Sunday, January 25, 2009

Notable Pennsylvanians - Andrew Wyeth

Born – July 12, 1917 Chadds Ford, PA
Died – January 16, 2009 Chadds Ford, PA

Andrew Wyeth was the best known in a family of three generations of artist. His father, N.C. Wyeth, did illustrations for Scribner’s Illustrated Classics such as Treasure Island and Robinson Crusoe.His sister, Henriette was a portraitist who is considered on of the great women painters fo the 20th century. His other sister, Carolyn, avoided publicity but has been called the best painter in the Wyeth family and the strongest woman artist in America. His son, Jamie, received his training from his aunt Carolyn and has a style that is clearly influenced by his grandfather’s work.

Andrew was a sickly child who, because of his frequent illnesses, was home schooled. His father recognized and encouraged his artistic talent at a young age, helping him master figure study and watercolor. His brother-in-law, Peter Hurd, later taught him egg tempera That was the only formal training he had. He studied art history on his own.

In 1937, Andrew had his first one-man show at the Macbeth Gallery in New York City. His father selected the paintings from his series of watercolor landscapes of the Maine coast where the Wyeth family spent their summers. When Andrew married Betsy James two years later, she became the driving force of his career and has been said to have been very manipulative with his image, especially concering the Helga Pictures, a series of over 240 paintings and sketches done over a fifteen year period of a Prussian woman he discovered while she was helping care for a neighbor. When this series was first introduced, his wife claimed no knowledge of it since it included many nudes. Later it was revealed that Betsy did indeed know of their existence and was merely generating sensationalism. It worked because newsletter publisher Leonard Andrews bought the entire collection for $6 million in 1986 who resold it to a Japanese collector within a few years for $45 million.

Over the years Andrew used several other friends and neighbors as his models, the Olsons, his neighbors in Cushing, Maine and the Kuerners, his neighbors in Chadds Ford, Pennsylvania however many of his pieces contain no people. Andrew himself said his biggest failing was too much subject in this work. Whereas his father’s illustrations were full of action and drama, Andrew’s work contained images of absence, silence, desolation but also expection. He liked to portray fall and winter scenes with the powerful structure of the landscape prominent and a promise of what’s to come lying beneath the surface. Much of his work has a melancholy feel to it that Andrew preferred to call thoughtful.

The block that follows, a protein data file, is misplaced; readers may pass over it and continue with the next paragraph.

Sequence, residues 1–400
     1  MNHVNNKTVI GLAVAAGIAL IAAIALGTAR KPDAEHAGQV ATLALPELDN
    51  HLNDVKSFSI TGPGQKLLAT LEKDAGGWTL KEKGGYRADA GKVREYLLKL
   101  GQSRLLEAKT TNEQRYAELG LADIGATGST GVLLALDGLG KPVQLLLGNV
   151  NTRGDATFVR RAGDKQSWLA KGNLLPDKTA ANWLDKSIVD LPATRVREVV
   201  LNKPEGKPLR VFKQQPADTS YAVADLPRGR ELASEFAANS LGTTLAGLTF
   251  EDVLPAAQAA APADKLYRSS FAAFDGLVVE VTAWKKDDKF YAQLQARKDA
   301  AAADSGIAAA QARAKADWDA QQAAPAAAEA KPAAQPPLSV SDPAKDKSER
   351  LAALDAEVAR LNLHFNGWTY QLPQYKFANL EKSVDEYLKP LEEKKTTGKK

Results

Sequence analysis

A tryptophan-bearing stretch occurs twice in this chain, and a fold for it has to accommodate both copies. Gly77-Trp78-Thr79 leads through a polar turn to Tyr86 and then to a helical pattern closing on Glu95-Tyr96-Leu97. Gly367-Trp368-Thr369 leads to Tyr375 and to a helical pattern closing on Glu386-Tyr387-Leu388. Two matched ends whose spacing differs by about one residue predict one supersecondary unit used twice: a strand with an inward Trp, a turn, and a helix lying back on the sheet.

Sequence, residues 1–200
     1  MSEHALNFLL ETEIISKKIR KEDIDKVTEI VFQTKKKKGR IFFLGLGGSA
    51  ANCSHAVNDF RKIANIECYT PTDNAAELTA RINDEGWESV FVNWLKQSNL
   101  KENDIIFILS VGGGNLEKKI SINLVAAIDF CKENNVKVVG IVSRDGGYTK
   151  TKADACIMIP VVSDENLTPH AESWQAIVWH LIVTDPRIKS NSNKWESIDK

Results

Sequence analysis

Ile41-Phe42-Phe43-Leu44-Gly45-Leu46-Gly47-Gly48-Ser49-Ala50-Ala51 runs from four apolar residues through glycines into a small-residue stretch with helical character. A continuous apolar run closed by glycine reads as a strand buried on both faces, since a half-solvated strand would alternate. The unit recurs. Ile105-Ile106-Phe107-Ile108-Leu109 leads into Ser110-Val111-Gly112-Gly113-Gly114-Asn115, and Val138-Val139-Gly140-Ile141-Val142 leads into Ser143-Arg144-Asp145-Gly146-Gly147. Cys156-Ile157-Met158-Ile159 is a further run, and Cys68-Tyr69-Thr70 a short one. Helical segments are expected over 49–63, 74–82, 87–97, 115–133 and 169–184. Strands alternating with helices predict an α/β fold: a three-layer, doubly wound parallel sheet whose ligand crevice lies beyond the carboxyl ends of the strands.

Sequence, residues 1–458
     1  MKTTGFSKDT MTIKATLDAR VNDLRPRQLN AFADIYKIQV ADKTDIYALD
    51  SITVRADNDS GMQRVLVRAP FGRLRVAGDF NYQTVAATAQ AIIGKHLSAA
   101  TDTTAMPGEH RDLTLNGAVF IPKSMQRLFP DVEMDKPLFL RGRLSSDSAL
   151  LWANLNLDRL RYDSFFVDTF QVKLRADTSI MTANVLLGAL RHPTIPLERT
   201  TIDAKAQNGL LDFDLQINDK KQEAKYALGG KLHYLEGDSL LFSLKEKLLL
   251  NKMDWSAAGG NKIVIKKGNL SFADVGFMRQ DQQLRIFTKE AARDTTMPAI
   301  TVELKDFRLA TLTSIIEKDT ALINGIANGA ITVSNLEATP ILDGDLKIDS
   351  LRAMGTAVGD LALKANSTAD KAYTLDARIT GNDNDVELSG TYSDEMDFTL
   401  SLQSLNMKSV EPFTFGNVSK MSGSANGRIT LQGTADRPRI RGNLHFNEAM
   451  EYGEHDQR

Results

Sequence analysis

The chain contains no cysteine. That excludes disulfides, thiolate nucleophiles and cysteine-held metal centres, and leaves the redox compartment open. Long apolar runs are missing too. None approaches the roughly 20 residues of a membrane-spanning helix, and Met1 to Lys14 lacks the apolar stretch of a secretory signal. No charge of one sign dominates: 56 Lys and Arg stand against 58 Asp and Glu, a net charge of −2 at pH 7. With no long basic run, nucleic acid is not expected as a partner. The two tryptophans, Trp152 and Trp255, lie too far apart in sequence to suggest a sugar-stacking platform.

Although his work is exhibited world-wide, the Brandywine River Museum in Chadds Ford is the place to visit. It’s a converted grist mill that houses hundreds of pieces by three generations of Wyeths. To see more of the landscape that inspired them, watch the movie The Village which was filmed very near Andrew’s studio.


Sandra Cox said...

Great blog!

Amarinda Jones said...
This comment has been removed by the author.
Amarinda Jones said...

well, there you go...yes, that was me before...had trouble forming words

Anonymous said...


This is a great blog. I only wish I knew so much about art. What a great way to learn, however.

Thank you,


Regina Carlysle said...

I love his work. So talented. There was such a lonely feel to his work.

Anny Cook said...

You do such a lovely job on your "bio" blogs. I hope you'll do more of them. I so enjoy learning about new people.